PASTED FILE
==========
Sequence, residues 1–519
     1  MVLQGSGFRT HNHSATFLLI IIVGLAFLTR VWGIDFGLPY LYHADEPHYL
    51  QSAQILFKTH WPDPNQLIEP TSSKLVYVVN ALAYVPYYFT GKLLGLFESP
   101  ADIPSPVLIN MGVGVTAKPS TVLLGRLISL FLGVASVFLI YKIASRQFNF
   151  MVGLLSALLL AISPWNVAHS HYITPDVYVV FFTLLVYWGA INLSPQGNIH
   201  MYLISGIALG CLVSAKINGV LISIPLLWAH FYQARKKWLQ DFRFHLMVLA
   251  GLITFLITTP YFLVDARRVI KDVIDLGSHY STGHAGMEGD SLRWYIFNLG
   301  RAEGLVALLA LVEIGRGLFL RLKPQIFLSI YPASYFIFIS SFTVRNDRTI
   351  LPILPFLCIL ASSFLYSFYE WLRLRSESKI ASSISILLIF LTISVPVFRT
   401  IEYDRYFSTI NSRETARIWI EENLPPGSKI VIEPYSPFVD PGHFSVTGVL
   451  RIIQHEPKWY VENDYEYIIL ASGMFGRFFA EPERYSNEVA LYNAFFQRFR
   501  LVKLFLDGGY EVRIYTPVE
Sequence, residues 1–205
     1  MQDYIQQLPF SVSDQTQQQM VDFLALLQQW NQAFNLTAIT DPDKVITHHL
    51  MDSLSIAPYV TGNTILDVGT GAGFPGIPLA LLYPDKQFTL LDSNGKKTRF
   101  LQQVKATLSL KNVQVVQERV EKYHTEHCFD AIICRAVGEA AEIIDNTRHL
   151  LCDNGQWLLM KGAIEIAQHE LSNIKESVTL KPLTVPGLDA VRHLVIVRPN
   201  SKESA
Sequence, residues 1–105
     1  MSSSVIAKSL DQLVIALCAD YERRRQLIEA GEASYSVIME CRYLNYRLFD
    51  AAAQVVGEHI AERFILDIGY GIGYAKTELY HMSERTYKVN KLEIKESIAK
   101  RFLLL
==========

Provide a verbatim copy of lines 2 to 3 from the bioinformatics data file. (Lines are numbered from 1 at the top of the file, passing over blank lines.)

     1  MVLQGSGFRT HNHSATFLLI IIVGLAFLTR VWGIDFGLPY LYHADEPHYL
    51  QSAQILFKTH WPDPNQLIEP TSSKLVYVVN ALAYVPYYFT GKLLGLFESP